Archive for December 19th, 2018

December 19, 2018

Rule Changes for 2019

The FIH bring a band-aid to a train crash.

The following is from the FIH website (My comment in italics, but I don’t know why I am still bothering to make comment).

Lausanne, Switzerland: Every second year, the Rules Committee of the International Hockey Federation (FIH) may make proposals to amend the rules of hockey. In 2018, the following proposals have been made by the Committee and approved by the Executive Board:

(This is not a complete list of all the changes made; to find those you will need to look at the new version of the rule-book via the FIH web-site)

 

Introduction of the match format of four quarters as standard

In international matches, teams have been playing four quarters for some years and it is felt that uniformity in match formats can be achieved when all match formats are based on a four-quarter principle. Like in international matches, time is stopped between the awarding of a penalty corner and the taking of that penalty corner. Other than in international matches, where this is covered by FIH Tournament Regulations, time is not stopped to celebrate goals as this was introduced primarily for television coverage. The four quarters has additional advantages at junior levels of the sport in which coaches often umpire youth school matches and the additional breaks provide for coaching opportunities.

(It is not stated above if playing time will be reduced from 70mins to 60mins as in current International matches. I don’t believe a reduction of time played will be popular. We could and I think should, have four quarters of 20mins in all hockey i.e. an addition to playing time to bring hockey more into line with other outdoor team sports).   P.S. Playing time has been reduced to 60mins.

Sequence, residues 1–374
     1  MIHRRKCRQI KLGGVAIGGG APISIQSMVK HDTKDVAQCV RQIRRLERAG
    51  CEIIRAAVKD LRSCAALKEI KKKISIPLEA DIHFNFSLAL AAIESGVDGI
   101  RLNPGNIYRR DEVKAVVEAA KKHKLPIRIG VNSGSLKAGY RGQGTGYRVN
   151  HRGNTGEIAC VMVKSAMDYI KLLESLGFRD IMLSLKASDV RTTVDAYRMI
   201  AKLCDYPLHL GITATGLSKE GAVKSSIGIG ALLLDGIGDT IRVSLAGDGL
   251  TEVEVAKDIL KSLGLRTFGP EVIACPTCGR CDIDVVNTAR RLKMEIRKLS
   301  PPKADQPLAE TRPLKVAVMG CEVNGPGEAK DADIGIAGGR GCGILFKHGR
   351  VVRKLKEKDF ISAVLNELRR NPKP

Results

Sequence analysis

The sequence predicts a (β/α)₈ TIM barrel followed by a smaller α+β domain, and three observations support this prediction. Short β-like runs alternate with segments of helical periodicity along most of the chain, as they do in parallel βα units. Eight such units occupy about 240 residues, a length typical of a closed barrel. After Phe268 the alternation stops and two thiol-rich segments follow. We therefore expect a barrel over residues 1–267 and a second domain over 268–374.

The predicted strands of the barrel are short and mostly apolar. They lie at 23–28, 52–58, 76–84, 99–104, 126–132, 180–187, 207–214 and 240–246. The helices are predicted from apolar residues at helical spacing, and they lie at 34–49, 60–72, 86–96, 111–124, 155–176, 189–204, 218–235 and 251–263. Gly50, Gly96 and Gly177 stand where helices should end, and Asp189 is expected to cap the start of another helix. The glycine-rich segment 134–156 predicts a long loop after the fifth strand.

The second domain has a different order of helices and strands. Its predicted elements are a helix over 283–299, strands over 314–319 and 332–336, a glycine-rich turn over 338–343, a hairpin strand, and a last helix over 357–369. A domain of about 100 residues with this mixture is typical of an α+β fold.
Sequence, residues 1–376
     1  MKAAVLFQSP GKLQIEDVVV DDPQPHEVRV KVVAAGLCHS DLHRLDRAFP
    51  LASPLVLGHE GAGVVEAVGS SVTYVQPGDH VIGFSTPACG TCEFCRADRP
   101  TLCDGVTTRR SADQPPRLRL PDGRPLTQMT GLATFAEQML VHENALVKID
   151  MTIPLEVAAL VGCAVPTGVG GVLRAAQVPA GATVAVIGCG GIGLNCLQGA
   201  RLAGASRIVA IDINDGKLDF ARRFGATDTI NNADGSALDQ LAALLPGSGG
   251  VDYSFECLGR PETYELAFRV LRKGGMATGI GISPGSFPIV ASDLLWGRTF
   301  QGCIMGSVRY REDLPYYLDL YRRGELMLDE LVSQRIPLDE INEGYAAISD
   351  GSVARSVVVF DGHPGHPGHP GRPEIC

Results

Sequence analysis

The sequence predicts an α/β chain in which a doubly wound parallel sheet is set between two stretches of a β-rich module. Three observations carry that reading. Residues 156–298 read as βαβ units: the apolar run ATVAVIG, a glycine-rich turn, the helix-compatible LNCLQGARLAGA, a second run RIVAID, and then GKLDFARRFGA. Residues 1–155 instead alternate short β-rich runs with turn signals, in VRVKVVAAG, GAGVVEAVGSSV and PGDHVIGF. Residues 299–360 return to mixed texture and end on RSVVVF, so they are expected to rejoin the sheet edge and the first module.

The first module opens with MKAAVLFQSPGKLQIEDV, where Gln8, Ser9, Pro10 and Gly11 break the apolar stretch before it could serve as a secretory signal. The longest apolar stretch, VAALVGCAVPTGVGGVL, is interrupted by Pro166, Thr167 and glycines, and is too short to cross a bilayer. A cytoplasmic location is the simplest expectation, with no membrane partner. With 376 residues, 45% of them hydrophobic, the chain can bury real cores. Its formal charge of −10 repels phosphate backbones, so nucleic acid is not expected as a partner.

Removal of Goalkeeping privileges for substitute field player

A mandatory experiment, with effect from 1 January 2019, taking out the option for teams to play with a field player with goalkeeping privileges. Teams have now two options: they either play with a goalkeeper who wears full protective equipment comprising at least headgear, leg guards and kickers and who is also permitted to wear goalkeeping hand protectors and other protective equipment, or they play with only field players. Any change between these options should be treated as a substitution. It is hoped that this experimental rule will enhance safety as field players will no longer have goalkeeping privileges so will not be entitled to use their body to stop shots at goal and it also enhances the promotion of the sport by eliminating the issue of outfield players wearing other shirts to indicate goalkeeping privileges.

(What the FIH cannot bring themselves to say is that attackers will not be entitled to raise the ball at a field-player in the goal with impunity as they would at a goalkeeper in the goal – but fault and offence will apparently, and bizarrely, remain with defenders when an attacker raises the ball towards a defender in line with current umpiring practice but not with current Rule. The blurb above, especially that about the enhancement of safety and the promotion of the sport is only that – unsupportable blurb)

∙ Defending free hits within 5 meters of the circle

The explanation for how to treat free hits for the attacker close to the circle has been changed in Rules 13.2.f. It has now been made clear that players other than the attacker taking the free hit must be at least five meters away, including when they are in their circle. if the attacker, however, chooses to take the free hit immediately, then defenders who are inside the circle and within five meters from the ball may shadow around the inside of the circle as per the explanation of the rule before 2019. This has the advantage of not preventing the quickly taken free hit which has been widely welcomed by coaches and players, whilst maintaining the 5m rule used everywhere else on the pitch to provide space for the free hit taker.